Privacy Basics In the Era of Facebook and Revenge Porn

May 02 at 10am

By Violet Blue

Google’s Eric Schmidt once said, “If you have something you don’t want anyone to know, then maybe you shouldn’t be doing it in the first place.” Actor and tech investor Ashton Kutcher and Facebook's Mark Zuckerberg have each said that if you’re not doing anything “wrong” then you don’t have anything to worry about when it comes to losing your privacy. That’s easy – and profitable – for them to say.

Filthy-rich celebrities are more able than the rest of us to hide things they consider private or embarrassing. They can afford it. Not only that, but they're the ones who are wrong. Why, exactly, does Ashton Kutcher get to decide that whatever I’m doing online is "wrong" just because I don't want the whole world to know about it? Like laughably antiquated notions about “female hysteria” and women having to choose between a job and a family, these people are trafficking in beliefs from a bygone era.

How can guys like Kutcher, Schmidt, and Zuckerberg think like this? While us girls might be (sadly) used to men trying to make us feel ashamed when we make boundaries, these men sound completely crazy when they spout off about privacy.

There’s a Creepy Steve in every café, on every bus, possibly even in your friend circle. If Creepy Steve picks up your phone, iPad, Kindle, or sits down at your computer when you go pee and you didn’t lock it, he has access to any account you left open.

Part of the problem is that they don’t understand what we experience every day: what “target” and “non-target” status is. The most important thing missing from modern privacy discussions is the fact that there is a critical difference in the way men and women perceive privacy – because men don’t bear target status.

That's why I wrote The Smart Girl's Guide to Privacy, choosing to speak to the biggest targets of online abuse (women and LGBT people) because we're the hardest to protect.

Telling us to stop sharing isn't the answer, and no one has to give up Facebook or get off the Internet. We just need to be smarter about how we share, and who we share with. Look: you get in a car, you put on a seat belt. If we think about protecting ourselves like this, we'll all be able to stop worrying and start loving the Internet again. Here are six tips to get you started. 

1.

View your Facebook, LinkedIn, and Google Plus profiles as someone else to make sure you understand what other people can see. Then adjust the privacy settings accordingly. Set aside an hour every three months to do a privacy check-up. Since Facebook likes to change and screw with your privacy settings often, you might be revealing something you regret without even realizing it. Also make sure you limit how much these companies know about you, and how much they can share with their advertisers about you. When it comes to your personal information, they'll get away with anything (and everything) they can unless you rein them in.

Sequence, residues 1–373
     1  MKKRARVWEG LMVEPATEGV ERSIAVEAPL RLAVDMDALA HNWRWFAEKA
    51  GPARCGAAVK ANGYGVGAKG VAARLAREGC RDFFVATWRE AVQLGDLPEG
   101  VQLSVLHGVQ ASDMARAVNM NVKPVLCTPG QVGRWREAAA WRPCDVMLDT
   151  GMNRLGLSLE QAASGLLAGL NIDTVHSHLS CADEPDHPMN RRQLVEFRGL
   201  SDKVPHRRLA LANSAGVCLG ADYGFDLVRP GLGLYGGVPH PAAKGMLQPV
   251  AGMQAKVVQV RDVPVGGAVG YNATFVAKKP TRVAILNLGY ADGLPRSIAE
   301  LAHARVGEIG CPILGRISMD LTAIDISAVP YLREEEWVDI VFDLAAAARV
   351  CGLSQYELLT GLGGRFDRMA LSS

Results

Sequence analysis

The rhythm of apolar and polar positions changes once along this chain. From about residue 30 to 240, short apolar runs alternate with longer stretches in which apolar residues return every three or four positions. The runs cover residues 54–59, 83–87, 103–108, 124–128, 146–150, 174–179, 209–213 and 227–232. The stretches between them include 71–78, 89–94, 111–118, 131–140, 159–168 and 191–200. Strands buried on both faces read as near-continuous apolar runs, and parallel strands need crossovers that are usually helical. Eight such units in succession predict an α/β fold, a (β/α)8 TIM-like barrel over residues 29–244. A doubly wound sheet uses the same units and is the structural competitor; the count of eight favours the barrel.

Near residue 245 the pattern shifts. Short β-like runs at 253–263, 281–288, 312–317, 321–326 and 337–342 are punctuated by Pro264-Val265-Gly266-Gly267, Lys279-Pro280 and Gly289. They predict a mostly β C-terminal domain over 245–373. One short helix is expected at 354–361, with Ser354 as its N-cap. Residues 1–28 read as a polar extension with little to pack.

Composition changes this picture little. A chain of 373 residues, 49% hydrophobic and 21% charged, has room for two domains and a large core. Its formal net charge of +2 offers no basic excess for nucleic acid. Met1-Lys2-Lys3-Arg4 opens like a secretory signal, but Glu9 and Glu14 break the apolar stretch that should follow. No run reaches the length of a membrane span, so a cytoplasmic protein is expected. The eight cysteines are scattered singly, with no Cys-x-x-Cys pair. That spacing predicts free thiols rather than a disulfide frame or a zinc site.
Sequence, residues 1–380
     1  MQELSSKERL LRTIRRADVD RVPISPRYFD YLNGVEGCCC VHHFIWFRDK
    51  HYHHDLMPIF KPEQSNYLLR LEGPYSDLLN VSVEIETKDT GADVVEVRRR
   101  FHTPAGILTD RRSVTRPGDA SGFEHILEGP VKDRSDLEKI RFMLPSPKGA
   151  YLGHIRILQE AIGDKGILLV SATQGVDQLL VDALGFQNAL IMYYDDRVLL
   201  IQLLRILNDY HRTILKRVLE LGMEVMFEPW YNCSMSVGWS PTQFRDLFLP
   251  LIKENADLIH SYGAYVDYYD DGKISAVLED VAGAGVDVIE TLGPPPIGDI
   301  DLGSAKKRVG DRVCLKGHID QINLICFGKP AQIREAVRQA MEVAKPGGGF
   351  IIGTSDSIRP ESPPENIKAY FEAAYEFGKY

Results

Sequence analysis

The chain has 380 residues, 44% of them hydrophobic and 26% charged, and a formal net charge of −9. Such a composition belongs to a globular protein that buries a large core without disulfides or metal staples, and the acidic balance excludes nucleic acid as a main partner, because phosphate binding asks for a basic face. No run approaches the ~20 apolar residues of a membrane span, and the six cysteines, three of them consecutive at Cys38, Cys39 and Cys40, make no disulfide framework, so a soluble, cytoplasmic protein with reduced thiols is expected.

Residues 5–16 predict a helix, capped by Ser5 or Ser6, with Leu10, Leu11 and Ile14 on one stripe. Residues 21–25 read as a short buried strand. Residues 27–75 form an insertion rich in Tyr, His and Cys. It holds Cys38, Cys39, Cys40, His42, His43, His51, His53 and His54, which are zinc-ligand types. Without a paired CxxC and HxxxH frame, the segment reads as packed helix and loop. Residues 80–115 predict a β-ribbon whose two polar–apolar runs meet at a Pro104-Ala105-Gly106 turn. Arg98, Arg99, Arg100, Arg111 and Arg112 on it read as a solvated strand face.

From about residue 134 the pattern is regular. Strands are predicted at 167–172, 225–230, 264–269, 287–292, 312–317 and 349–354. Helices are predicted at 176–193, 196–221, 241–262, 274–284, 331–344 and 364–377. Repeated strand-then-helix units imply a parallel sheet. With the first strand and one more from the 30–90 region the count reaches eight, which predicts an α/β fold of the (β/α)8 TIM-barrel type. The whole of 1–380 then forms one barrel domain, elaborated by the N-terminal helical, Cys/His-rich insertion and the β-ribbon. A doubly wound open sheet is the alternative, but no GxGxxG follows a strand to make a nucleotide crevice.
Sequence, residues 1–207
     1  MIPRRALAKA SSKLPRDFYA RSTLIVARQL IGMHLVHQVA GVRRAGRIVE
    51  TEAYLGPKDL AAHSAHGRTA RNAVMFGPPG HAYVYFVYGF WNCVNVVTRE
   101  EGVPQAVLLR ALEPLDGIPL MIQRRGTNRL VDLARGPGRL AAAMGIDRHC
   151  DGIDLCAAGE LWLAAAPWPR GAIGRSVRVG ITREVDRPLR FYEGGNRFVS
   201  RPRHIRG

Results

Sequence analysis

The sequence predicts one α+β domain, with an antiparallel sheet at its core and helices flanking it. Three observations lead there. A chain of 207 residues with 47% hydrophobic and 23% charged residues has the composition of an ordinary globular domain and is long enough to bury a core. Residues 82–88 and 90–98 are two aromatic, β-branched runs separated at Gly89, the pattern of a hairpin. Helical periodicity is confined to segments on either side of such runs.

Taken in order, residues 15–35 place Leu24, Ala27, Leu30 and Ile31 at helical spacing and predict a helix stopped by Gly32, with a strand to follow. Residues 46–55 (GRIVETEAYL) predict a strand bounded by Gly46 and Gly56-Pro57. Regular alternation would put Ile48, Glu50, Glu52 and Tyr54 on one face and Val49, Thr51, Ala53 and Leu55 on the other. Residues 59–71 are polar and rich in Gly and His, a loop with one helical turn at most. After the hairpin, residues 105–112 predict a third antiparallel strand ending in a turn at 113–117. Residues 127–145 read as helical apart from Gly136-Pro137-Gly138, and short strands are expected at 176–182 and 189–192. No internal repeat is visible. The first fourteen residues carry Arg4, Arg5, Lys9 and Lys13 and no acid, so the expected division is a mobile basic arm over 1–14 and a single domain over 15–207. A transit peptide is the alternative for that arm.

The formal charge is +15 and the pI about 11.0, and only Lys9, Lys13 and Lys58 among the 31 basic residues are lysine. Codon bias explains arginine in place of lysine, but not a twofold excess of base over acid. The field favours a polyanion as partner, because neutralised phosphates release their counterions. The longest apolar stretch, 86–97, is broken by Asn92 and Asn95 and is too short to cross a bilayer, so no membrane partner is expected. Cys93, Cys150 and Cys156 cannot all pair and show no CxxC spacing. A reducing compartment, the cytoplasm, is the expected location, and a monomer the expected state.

2.

Tape over your webcam so malicious hackers can't take photos or video of you without your consent. A year before Cassidy Wolf was crowned Miss Teen USA 2013, a guy in her high school hacked into the webcam and took photos of her. She found out when he got into her social media accounts and tried to extort her: she was one of 12 girls he had taken photos of and threatened for cash. You can make your camera worthless – but still use it when you choose – by keeping it taped up. Post­Its have a gentle adhesive on them, and are easy to replace. 

3.

Use different email addresses for different online accounts (they can forward to your real address). This way if a website gets hacked or a stalker wants to publish your info, malicious people have one less "real" piece of information about you. 

4.

Activate the password lock on your phone, laptop, and tablet. There’s a Creepy Steve in every café, on every bus, possibly even in your friend circle. If Creepy Steve picks up your phone, iPad, Kindle, or sits down at your computer when you go pee and you didn’t lock it, he has access to any account you left open — which could expose your email, social security number, or credit card number. Don't let your computer save passwords for critical sites. 

5.

Never sign in on someone else’s phone, computer, or tablet. If you friend's computer or phone has been hacked or infected, your password and personal communication can be recorded (most people don't know when their computer has been hacked and their passwords are being stolen until it's too late). Also, you run the risk of forgetting to sign out.

6.

Never share anything that reveals or can be traced your home address. That includes photos – turn off that location tagging!

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